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Hoffmann, R. A wiki for the life sciences where authorship matters. Nature Genetics (2008)

Differential expression of specific FGF ligands and receptor isoforms during osteogenic differentiation of mouse Adipose-derived Stem Cells (mASCs) recapitulates the in vivo osteogenic pattern.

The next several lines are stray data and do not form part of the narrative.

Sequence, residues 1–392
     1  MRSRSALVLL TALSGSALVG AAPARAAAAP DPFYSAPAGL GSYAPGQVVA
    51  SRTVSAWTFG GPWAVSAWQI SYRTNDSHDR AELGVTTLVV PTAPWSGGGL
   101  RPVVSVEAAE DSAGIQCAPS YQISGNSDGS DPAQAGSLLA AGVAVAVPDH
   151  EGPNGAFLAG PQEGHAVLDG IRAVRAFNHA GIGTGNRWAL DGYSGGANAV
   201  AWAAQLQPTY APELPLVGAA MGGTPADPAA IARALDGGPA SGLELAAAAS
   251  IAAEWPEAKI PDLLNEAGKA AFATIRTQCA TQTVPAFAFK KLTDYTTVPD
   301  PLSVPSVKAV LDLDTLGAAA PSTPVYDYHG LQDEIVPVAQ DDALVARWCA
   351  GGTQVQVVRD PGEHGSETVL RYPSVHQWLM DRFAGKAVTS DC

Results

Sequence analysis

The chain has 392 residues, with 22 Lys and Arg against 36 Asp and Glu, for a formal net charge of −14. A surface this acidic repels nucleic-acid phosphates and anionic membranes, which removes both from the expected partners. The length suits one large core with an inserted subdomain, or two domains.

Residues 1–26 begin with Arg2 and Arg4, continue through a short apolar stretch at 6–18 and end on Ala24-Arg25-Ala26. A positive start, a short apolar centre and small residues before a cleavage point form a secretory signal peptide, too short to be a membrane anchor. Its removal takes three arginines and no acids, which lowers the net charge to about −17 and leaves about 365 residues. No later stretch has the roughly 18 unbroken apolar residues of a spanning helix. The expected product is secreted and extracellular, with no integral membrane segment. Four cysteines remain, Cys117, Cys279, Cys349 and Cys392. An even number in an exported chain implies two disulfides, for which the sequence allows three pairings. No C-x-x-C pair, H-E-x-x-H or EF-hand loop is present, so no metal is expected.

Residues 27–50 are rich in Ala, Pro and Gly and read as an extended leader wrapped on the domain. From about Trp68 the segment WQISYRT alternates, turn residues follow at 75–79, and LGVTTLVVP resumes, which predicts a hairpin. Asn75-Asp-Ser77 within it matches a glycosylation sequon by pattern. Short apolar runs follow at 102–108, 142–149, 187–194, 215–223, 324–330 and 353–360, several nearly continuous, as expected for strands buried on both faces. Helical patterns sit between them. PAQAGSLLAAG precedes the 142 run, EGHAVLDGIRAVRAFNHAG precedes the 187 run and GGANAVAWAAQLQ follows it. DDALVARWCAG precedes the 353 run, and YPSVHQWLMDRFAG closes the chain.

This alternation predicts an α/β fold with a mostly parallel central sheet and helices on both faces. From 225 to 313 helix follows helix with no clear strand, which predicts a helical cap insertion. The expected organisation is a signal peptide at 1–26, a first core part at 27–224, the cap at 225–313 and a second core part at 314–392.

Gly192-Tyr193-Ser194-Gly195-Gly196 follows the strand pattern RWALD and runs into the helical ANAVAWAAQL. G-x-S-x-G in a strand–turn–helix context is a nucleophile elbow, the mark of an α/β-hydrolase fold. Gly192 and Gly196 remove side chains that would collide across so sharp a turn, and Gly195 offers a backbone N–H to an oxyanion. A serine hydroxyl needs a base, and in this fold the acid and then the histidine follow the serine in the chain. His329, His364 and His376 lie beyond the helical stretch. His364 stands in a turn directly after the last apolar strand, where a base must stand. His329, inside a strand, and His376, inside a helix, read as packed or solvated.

The ability of Adipose-derived Stem Cells (ASCs) to differentiate into various tissues in vitro and in vivo, a function known as "stem cell plasticity", makes them an appealing cell source for tissue engineering. Our laboratory is particularly focused on the potential role of adipose tissue as a readily available postnatal source of osteoprogenitor. Fibroblast growth factors (FGF) and their receptors (FGFR) are important regulators of osteogenesis. The goal of this study was to elucidate how changes in temporal expression patterns of individual components of the fibroblast growth factor (FGF) signaling axis correlate with osteogenic differentiation of mASCs. Our results indicate that FGF ligand genes, such as Fgf-2, -4, -8, and -18, displayed a differential and dynamic profile during mouse ASC (mASC) osteogenesis. Fgf-2 transcript was down-regulated, while Fgf-18 transcript level was strongly up-regulated. Interestingly, a drift in the ratio of different FGF-2 protein forms, with translation favoring the HMWFGF-2 forms, occurred during osteogenic differentiation, whereas, the expression of LMWFGF-2 form was down-regulated. This finding shares similarity with a previous study suggesting that preferential expression of the HMWFGF-2 forms is associated with a more osteogenic differentiated state of calvarial osteoblast. Moreover, a differential expression of Fgf Receptor 1 and 2 resembling that previously found in in vivo osteogenic study was observed. Thus, mASCs undergoing osteogenesis recapitulate the in vivo osteogenic differentiation expression pattern of FGF ligands and receptors of calvarial mesenchymal cells during their own osteogenic differentiation. Indeed, this observation further validates ASCs as a suitable resource for skeletal tissue engineering.[1]


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